With respect to the fiduciary duty claim, the Court held in favor of Plaintiff, denying Defendants’ Motion to Dismiss. The Court’s rationale centered on the premise that a company’s board of directors has a fiduciary obligation to maximize the long-term value of the company for the benefit of holders of its “undifferentiated equity” (i.e. its common stock) (See id. at 36-37). The Court distinguished the rights of preferred holders as contractual in nature, entitling them to fiduciary duty protection only to the extent their interests align with the interests of the common holders (See id. at 41 and 44). While the Court readily acknowledged the contractual obligation to redeem the preferred shares held by Oak Hill, it emphasized that the Board took actions to satisfy the redemption obligation before there was any contractual obligation to redeem. In other words, the Board took actions to maximize the value of the redemption right rather than the value of the common stock, which the Court ultimately held to be a direct breach of the Board’s fiduciary duty of loyalty to the shareholders of the Company.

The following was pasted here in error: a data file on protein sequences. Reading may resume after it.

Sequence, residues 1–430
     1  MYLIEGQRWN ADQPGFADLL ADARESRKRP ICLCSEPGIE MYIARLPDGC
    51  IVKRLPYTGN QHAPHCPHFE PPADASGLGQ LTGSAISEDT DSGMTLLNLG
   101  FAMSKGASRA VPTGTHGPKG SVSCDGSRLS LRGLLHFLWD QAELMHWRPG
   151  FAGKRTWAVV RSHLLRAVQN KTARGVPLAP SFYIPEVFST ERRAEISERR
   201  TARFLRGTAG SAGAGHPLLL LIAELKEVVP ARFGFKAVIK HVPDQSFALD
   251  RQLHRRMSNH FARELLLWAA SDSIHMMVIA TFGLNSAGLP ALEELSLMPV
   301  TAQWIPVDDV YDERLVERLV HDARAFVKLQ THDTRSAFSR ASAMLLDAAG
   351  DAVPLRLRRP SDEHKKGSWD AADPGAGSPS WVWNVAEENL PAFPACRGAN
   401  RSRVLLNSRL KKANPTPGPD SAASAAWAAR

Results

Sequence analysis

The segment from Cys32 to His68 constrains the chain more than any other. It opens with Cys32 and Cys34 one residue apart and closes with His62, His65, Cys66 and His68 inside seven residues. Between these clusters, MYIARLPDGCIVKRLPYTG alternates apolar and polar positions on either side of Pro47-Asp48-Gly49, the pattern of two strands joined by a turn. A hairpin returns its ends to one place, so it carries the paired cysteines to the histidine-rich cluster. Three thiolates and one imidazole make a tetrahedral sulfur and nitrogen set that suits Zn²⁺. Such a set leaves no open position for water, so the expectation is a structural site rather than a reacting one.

The Court’s holding in this case reminds investors that, at the end of the day, a board’s primary directive is to maximize the company’s value to its common stockholders, not its preferred holders. Because the rights of the preferred are contractually founded, they must ultimately be subject to the overall interests of the “undifferentiated equity” of a company. From an investor’s perspective, the Court’s decision will likely spur efforts to structure preferred equity obligations in a way that gives the preferred holders the ability to take direct action rather than going through the board, thereby making the fiduciary duty issue a moot point. This may be preferable from a company’s perspective as well, especially in the case of board members who are appointed by holders of preferred stock.